Tightening The Low End

Live sound legend, Howard Page, took time out from his touring duties to offer his thoughts on mixing with more clarity and presence.


18 July 2015

My job title is Senior Director of Engineering at Clair Bros where I’ll often be asked to ‘rescue’ a tour that’s sonically going off the rails. More often than not it’s the sub bass that’s getting away from a FOH engineer without the skills to rein it in. When I’m not in the ‘office’, I’m out on the road with Sting, who has been touring fairly consistently, either solo or more recently with Paul Simon, for more than five years now. 

In that time, I’ve been to many of the big European and American music festivals and heard hundred of mixes on every PA imaginable. The common problem I keep hearing is a lack of clarity in the high end and a bias in the low end that further clouds the mix.

The reason for the oppressive low end is various: 

  1. Many new generation sound guys get carried away with the bass and go overboard.
  2. Modern line arrays ship with bass-biased factory settings.
  3. Low bass frequencies collect and sum from the accumulation of instruments with high output in that range.
  4. The low bass build up from large arenas.

I’ll address these points in turn, but I’ll start with a challenge to AudioTechnology readers: remove the safety net of overbearing low bass and mix with clarity and fidelity.

Why ‘safety net’? Let me explain.


You can always mix a show on a modern sound system with enough low end. That’s never the problem. In fact, low end is an area that’s easy to get away from you. If there’s too much low end in the mix it can colour everything.

So why are modern sound systems so bass heavy? Why are a lot of modern line arrays shipping with factory curves very much biased in that way, with a lot of roll off from 1k-2kHz? The reason is because they’re easy to mix on straight ‘out of the box’. You can turn up knobs and faders and it all squashes together in a vaguely presentable way — if you don’t know exactly what you’re doing, the PA is quite forgiving when it’s set up in that way. But there’s no fidelity.

Like I said, I’ll go to big festivals around the world where I’m listening to woolly, muddy mixes, and where the kick drum is routinely the loudest instrument. Then Sting comes on and it’s like a blanket has been lifted from the PA. The owner of the PA will often bale me up and ask me what I’ve done, because he’s never heard his PA sound so good. There’s no magic, it’s just that the PA is tuned incredibly accurately for incredible definition.

Make no mistake, many of the better modern sound systems are all capable of extraordinary definition and clarity, it’s just that they’re not tuned that way.

I tune a system to perform more like a huge pair of studio monitors. It sounds amazing, but it’s not for the faint-hearted. When you tune a PA in this way, there’s hair-trigger sensitivity — touch a fader and it’s right there — because the PA is so clean.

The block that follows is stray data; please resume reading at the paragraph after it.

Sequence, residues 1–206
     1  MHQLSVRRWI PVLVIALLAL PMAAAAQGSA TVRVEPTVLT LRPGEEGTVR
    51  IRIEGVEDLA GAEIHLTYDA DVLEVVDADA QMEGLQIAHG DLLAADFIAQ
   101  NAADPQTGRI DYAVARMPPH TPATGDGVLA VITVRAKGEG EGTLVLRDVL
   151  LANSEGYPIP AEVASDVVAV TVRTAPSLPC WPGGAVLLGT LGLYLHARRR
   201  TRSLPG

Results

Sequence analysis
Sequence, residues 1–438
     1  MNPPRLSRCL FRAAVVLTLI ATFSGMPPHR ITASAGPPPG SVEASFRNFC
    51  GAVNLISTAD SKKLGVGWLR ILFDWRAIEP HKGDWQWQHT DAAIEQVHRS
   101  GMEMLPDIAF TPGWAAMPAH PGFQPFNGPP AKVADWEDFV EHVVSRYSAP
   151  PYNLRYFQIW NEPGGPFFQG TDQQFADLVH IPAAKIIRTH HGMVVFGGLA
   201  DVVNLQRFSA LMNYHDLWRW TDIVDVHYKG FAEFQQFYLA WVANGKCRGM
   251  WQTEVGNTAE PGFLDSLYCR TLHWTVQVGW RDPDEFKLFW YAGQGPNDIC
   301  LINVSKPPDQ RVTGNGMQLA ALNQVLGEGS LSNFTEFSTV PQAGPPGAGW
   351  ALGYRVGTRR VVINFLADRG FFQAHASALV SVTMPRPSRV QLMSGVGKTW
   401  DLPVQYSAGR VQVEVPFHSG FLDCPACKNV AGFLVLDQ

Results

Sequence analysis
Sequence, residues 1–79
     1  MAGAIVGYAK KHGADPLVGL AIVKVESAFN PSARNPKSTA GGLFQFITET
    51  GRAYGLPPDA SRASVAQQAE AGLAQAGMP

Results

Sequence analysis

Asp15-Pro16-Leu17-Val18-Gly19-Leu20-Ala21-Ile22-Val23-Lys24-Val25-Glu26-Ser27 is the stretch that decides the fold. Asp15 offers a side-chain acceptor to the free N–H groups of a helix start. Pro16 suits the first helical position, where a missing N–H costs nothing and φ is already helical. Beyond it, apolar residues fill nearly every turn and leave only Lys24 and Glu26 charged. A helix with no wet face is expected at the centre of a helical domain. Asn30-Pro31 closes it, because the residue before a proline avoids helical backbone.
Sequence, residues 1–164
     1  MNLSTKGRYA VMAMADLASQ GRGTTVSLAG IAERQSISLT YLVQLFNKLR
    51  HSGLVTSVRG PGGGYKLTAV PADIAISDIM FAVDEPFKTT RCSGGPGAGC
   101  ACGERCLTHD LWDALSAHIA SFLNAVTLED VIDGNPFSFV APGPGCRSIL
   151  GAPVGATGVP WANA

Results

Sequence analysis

For these types of festivals I ask for direct access into the PA for the various feeds. In other words I always insist on patching directly into the system processors, bypassing their system EQ settings and start with the factory setting, which, admittedly, are mostly giving me a whole lot of bottom end and rolled off highs. So I re-pivot the sound of the PA.


You can tune your PA to be flat and high fidelity but it’s a lot harder to get that to translate in a big boomy arena. And believe me, they’re big and boomy wherever you go. The art of live sound is in achieving that tight clean sound in a large air space. It’s easy outdoors in a field but much harder in a large arena — they’re not designed primarily for amplified sound.

I’ll use Smaart to help me tune and optimise my PA. The way an FFT measurement works is it compares a reference signal to another, unknown, signal, which in my case is a measurement microphone. The reference signal I use is the mono sum of the board mix. So the art/science of tuning is to match what you’re hearing in the room with what is coming out the board as closely as possible.

It’s an ‘art’ as well as a science because it’s not as easy as drawing in a flat EQ — there’s some interpretation required. Smaart will help you get into the right ballpark, and from there you have to use your experience and your ears. For example, the Smaart readout for the Rod Laver show in Melbourne was showing that I had an 8-10dB lift in the bottom end. But I know from experience that the build up Smaart is picking up is the decay of the room making it think there’s more low bass than there actually is. If I tuned the PA to appear flat on Smaart, the show would be wimpy and have no bottom end at all. I have to let my ears be the final arbiter, that and using really well-recorded music to act as a reference.